learning

Stettler Learning Centre well into new season

“It’s definitely been a year of growth and a year of change.”

With the onset of autumn, staff members at the Stettler Learning Centre have enthusiastically delved into a new season of offering educational opportunities.

This is all unfolding at the organization’s new digs as of this past spring — the former Vision Credit Union building.

Classes officially started on Sept. 8th, said Erin Wilkie, the Learning Centre’s manager. “It’s definitely been a year of growth and a year of change.”

Peggy Vockeroth, a student adviser with Campus Alberta Central, agreed.

Campus Alberta Central is a partnership between Olds College and Red Deer College that provides post-secondary learning opportunities across Central Alberta.

“Then you look at the whole COVID-19 piece, and it has brought a lot of challenges — but it also brings opportunities,” she said.

“From the Campus Alberta side of it, with a good portion of post-secondary programs, they have gone online. So that opens a window,” she added, pointing to the broader spectrum of choices for rural students in particular.

“We support learners in rural Alberta, and we bring programs to a community based on that community needs.

Campus Alberta regional learning centres have been set up in Drumheller, Ponoka, Rocky Mountain House and of course right here in Stettler via the Learning Centre.

But the scope of who they can reach extends far beyond those specific communities.

It also fits in nicely with the mandate of the Learning Centre, added Wilkie, pointing out that staff aim to help students via what she calls a ‘laddering’ process.

”Our vision is to ‘ladder’ young adults coming out of high school.” And if they aren’t quite ready to make the leap into post-secondary studies, the Learning Centre is equipped to offer a range of programs to help them prepare for that continued educational journey.

That could include upgrading or earning their GED. There are also literacy and numeracy programs to further boost skills as well.

“They can also come in and get assistance with resume writing, for example,” she said, pointing out that other employability skills can be passed along to job-seekers, too. “That’s the ‘laddering’ that we envision coming out of the high school,” she said.

Vockeroth also explained how staff want to help students prepare for their next steps on their learning journey.

“We provide the support for the learner to take those paths for whatever journey they want to go on,” she explained.

The Community Learning Program also offers everything from Adult Literacy and Foundational Learning, English as a Second Language (ESL or ELL) and Workplace Readiness Programs to Staff Training Courses for Businesses, Family Early Literacy Programs and Community Interest Programs.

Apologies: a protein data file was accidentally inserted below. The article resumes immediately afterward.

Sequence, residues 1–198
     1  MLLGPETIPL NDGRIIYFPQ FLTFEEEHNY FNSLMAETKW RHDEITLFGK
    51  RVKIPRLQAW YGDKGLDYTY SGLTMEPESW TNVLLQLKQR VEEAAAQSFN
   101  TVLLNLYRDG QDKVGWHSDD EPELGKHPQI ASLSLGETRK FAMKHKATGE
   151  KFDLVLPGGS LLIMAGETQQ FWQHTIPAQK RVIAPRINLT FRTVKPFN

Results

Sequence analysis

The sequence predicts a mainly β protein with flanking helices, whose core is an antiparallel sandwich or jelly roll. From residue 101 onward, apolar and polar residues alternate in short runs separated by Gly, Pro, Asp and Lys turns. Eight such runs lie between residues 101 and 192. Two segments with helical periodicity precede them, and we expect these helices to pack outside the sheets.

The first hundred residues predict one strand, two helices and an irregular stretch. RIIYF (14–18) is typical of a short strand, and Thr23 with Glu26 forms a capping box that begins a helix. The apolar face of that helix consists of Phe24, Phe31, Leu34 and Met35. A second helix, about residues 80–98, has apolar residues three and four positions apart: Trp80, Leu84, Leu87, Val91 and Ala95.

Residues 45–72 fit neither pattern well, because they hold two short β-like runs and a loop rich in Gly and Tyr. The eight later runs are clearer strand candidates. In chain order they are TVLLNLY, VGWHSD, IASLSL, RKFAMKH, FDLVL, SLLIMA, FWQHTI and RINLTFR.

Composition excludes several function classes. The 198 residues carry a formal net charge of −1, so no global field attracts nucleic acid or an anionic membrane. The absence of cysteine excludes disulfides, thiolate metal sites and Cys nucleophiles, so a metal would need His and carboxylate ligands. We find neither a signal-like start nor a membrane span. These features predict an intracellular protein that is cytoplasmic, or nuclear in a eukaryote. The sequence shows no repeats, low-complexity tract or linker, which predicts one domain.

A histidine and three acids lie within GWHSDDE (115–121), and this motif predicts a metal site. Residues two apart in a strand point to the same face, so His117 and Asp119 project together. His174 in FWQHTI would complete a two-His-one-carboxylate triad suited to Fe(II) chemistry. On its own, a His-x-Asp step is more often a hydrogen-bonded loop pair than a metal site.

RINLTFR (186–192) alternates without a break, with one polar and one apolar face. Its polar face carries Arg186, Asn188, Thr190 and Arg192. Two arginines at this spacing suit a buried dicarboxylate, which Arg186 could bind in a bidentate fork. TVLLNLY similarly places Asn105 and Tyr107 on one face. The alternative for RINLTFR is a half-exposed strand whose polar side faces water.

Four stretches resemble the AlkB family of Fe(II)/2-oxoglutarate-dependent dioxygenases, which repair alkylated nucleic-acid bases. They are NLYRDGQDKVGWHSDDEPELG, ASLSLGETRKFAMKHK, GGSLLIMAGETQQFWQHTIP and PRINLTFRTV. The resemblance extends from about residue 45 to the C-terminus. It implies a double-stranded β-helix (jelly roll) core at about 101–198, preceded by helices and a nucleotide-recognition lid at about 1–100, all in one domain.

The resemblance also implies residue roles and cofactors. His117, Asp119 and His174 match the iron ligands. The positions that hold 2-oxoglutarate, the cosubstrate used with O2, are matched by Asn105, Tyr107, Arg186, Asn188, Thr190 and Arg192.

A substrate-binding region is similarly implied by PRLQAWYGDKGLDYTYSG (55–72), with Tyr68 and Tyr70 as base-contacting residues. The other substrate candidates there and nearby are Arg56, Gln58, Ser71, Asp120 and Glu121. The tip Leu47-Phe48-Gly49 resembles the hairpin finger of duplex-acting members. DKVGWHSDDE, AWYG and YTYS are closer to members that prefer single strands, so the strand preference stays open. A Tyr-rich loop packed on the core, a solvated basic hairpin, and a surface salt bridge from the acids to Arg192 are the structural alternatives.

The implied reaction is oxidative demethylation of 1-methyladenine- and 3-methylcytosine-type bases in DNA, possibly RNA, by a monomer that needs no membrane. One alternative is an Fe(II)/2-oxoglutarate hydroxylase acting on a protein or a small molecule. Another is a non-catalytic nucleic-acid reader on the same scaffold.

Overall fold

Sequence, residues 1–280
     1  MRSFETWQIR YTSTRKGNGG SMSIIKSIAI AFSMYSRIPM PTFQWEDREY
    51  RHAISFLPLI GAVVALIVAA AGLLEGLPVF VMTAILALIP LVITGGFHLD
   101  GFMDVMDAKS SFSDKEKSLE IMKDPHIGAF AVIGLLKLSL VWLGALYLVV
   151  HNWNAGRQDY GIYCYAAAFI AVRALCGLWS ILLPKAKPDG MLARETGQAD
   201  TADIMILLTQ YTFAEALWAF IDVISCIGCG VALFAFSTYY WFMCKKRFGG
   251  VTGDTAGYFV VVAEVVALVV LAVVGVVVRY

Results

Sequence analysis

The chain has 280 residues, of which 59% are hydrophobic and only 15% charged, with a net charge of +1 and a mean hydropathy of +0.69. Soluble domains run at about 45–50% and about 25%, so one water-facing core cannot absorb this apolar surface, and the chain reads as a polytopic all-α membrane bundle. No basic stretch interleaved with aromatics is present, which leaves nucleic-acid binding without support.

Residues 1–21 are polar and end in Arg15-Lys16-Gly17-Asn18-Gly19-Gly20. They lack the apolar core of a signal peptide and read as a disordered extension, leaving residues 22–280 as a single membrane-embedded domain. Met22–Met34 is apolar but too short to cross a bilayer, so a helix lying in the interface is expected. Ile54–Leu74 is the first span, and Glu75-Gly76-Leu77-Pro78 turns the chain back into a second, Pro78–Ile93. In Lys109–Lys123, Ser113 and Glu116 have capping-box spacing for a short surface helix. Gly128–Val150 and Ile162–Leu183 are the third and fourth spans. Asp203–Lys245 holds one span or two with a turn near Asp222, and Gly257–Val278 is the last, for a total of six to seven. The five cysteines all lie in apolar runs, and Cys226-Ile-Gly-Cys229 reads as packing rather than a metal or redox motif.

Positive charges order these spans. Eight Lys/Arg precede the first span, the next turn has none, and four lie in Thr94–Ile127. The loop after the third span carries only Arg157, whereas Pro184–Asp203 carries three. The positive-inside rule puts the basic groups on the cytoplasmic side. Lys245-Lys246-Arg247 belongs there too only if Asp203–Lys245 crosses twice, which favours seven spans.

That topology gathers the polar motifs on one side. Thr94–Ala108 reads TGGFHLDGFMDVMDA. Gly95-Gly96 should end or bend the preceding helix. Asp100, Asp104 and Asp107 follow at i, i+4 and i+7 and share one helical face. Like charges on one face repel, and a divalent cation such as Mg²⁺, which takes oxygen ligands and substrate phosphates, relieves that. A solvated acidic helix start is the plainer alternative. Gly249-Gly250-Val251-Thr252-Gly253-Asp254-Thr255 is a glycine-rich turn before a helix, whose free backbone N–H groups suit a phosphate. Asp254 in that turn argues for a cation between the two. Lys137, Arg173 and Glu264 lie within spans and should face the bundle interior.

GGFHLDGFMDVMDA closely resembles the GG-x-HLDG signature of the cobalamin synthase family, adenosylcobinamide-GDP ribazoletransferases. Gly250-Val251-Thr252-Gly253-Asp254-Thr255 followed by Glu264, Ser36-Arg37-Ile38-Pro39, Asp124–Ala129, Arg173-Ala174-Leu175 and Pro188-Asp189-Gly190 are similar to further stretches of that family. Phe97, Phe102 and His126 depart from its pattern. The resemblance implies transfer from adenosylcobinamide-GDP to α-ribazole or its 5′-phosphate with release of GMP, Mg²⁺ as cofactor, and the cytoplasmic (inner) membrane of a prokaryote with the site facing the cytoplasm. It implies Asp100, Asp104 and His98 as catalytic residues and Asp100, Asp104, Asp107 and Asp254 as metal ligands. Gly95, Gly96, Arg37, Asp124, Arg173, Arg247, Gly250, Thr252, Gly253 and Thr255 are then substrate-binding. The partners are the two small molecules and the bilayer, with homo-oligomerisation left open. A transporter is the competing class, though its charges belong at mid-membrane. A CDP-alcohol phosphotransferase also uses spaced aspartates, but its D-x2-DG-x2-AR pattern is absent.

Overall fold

It’s also about building a comfortable environment for more mature students as well.

“For a mature adult to walk through the door back into a learning environment, it can be difficult. So you really need to invite them in, work with them and build a relationship with them,” said Vockeroth. “Whatever happened in someone’s past is done — you can’t change that. We can just go forward. But let’s plan for success.

“Everyone is someone when they walk through our door. Everyone is unique.

“The other part that we do is we partner up with industry,” said Vockeroth, adding that there is also room to customize these learning experiences to best serve both the organization/employer and the student.

“We can customize it based on what an employer is looking for. And I don’t necessarily mean that we as a staff will deliver it, but we have the connections that we can put it together for employers.”

Both women added that they aren’t convinced that most people in the community fully know how extensive the opportunities are via the Stettler Learning Centre, or how the organization can support both learners and employers.

Meanwhile, a major highlight for Learning Centre staff has been the move to the more accessible location in the downtown area.

It’s absolutely ideal for learning with lots of space, as seen, for example, where the practical nurse students learn new skills in a ‘hands-on’ way.

“The Health Care Aide students also do their labs here as well.”

Those two programs are through Red Deer College.

“The other piece that I think is key under the adult learning side of things is the tutoring aspect,” said Vockeroth, adding that the Centre is currently looking for more tutors to come onboard. “They are the gems in this community,” she added with a smile. “They are also volunteer positions, and it’s for at least one hour each week.”

Wilkie said tutors can help out with everything from English language learners to those getting support with academics.

They have also really shone through the pandemic, as they had to adapt to ‘virtual’ tutoring.

“I was really impressed that they took those online platforms and they ran with them — they really did amazing work,” said Wilkie. “There was still contact being made, for the most part, through it all.”

And for Wilkie, who started with the Learning Centre this past January, the new post has been a joy.

“At Stettler Learning Centre, we have the tools for anyone to succeed if they are willing to put in the effort; you will be hard-pressed to find a more supportive, caring and safe space to help you get to where you want to go than here.”

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